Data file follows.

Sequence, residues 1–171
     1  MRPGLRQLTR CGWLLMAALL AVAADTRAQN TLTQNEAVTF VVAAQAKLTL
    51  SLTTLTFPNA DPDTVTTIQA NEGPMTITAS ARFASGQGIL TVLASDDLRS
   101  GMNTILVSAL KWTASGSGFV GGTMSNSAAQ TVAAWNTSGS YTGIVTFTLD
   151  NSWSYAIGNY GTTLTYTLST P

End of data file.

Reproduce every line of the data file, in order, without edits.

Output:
Sequence, residues 1–171
     1  MRPGLRQLTR CGWLLMAALL AVAADTRAQN TLTQNEAVTF VVAAQAKLTL
    51  SLTTLTFPNA DPDTVTTIQA NEGPMTITAS ARFASGQGIL TVLASDDLRS
   101  GMNTILVSAL KWTASGSGFV GGTMSNSAAQ TVAAWNTSGS YTGIVTFTLD
   151  NSWSYAIGNY GTTLTYTLST P